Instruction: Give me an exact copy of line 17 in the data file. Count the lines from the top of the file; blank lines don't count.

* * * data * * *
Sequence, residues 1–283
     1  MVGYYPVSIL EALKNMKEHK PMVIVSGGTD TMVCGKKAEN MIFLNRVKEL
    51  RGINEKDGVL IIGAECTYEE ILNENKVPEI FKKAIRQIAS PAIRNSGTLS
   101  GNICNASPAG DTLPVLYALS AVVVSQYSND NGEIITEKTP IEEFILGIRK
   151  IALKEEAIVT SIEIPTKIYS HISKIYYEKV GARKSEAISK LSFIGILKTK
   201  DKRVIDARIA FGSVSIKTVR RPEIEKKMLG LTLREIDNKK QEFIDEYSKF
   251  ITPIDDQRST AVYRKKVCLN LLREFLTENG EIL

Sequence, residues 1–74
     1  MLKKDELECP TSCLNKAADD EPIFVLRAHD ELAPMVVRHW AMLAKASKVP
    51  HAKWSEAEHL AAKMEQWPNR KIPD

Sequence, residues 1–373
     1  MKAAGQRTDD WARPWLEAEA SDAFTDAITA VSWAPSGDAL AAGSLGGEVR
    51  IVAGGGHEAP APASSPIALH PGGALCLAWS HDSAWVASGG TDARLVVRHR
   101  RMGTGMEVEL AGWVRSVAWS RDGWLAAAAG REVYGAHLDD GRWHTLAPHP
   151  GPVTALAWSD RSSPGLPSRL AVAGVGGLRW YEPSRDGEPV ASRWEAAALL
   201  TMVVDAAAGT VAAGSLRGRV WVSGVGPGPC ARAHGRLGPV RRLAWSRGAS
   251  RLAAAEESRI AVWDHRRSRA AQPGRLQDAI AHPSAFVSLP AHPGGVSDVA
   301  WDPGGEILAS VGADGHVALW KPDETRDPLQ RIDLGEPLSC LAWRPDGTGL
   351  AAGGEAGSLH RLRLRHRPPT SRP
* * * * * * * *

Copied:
   251  RLAAAEESRI AVWDHRRSRA AQPGRLQDAI AHPSAFVSLP AHPGGVSDVA